The estimated impacts were tested using the Student's t-test to see if they were statistically different from zero. The values for every impact were shown in the horizontal bars of the Pareto chart. At a 95% confidence level, the straight line in the graph reflects the smallest statistically significant impact value (1.99). On the right side of the solid line, all values greater than 1.99 (p = 0.05) are significant. Each change in the volume of solution and the quantity of adsorbent dose (B) led to an increase in the % removal of MB because the solution volume increased the amount of MB that was present in the solution and was ready for adsorption on FGAC when the adsorbent was increased. Therefore, these factors have a significant impact on increasing the MB elimination. An increase in adsorbent and a decrease in volume jointly led to an increase in removal efficiency (%) because the interaction of two parameters BE gives favorable signal on the removal efficiency of MB. The MB removal procedure' univariate optimization would not be able to distinguish between this antagonistic effect and others.

Response interactions along with process improvement

The best rate of MB elimination may be achieved using each of the following association variables, based on Table 1's ANOVA findings for the response variable: AF, BC, BE, CE, and DE. Figures 5-9 display the response's 3D and contour plots for the ideal interaction terms of AF, BC, BE, CE, and DE, respectively, while maintaining the central level constants for other variables.

    On the effectiveness of MB removal (response), the combined impact of initial MB concentration (A) and time (F) were statistically significant (p = 0.001, Table 1). Figure 5(a) and (b) show the 3D and contour diagrams of the MB removal rate at 0.06 g, pH 7, 350 °C carbonization temperature, and volume of 25 mL, respectively. Starting MB level is highly efficient in eliminating MB molecules from a specific solution. In contrast, time controls how long the MB saturation lasts on the carbon's surface. Therefore, the interaction effect has an impact on the model. The efficiency of MB removal increased to 94% when concentration was simultaneously reduced and agitation time was lengthened. The adsorption process reached equilibrium at a concentration of about 50 mg/L and remained steady with increasing time, making this the ideal beginning concentration. Increasing the initial concentration typically results in a large number of molecules competing for surface adsorptive space, which reduces the adsorption effectiveness. Due to the abundance of MB molecules, which causes the active sites to be saturated quickly with enough MB, low MB removal can be explained at high concentrations.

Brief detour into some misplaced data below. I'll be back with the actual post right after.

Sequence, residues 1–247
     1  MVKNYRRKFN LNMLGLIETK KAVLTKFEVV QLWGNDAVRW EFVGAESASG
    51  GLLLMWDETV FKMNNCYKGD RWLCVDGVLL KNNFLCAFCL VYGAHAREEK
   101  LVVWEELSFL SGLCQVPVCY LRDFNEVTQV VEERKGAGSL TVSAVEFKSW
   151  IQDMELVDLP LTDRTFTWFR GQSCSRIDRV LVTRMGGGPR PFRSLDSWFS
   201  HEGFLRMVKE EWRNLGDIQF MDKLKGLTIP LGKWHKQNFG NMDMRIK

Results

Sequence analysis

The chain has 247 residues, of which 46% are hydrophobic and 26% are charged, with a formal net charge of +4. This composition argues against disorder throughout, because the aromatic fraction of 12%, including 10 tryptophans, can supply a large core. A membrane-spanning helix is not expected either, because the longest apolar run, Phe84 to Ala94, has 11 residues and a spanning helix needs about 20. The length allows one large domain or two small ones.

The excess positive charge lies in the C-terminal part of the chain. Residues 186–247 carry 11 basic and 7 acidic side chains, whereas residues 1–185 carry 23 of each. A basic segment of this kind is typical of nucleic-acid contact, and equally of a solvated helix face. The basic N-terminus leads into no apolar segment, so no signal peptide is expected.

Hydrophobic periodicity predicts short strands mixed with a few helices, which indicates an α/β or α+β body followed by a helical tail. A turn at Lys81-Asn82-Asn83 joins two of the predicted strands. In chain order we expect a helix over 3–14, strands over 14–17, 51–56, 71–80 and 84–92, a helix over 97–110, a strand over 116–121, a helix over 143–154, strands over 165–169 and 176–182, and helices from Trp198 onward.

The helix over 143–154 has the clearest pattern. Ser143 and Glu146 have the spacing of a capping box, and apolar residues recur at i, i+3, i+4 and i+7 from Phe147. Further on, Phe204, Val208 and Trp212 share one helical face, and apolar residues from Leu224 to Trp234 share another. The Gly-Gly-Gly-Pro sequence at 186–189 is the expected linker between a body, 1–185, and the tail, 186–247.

The efficacy of MB elimination (response) was significantly influenced by the amount of adsorbent (B) and volume (E) combined. The MB elimination effectiveness at 75 mg/L dye level, 350 C carbonization temperature, 40 min of agitation, and the initial pH 7 is shown in the 3D and contour diagrams of Figure 6(a) and (b), respectively. The solution volume provides a better habitat for the FGAC particles and the dye. Combining a reduction in solution volume with an increase in FGAC dosage resulted in an improvement in MB removal effectiveness to 88%. Yet, MB elimination underwent a striking change when the volume was reduced while maintaining a constant FGAC dose. This outcome, which is connected to the quantity of MB molecules present in solution, has already been explored.

The efficacy of MB elimination at 75 mg/L dye level, 0.06 g dose of FGAC, pH solution of 7, and agitation time of 40 min is shown in the 3D and contour plots of Figure 7. The combined effect of initial volume solution (E) and the carbonization temperature (D) on the effectiveness of MB removal (response) was significant (p = 0.003, Table 1), and the MB removal efficacy at these conditions is shown in the 3D and contour plots. With a concomitant rise in temperature carbonization and decrease in solution volume, MB removal efficiency quickly climbed to 76.5%. More organic material was converted into the activated carbon as a result of high temperature than there were additional sites created on the surface. The MB molecules can therefore live on the surface with respect to these sites.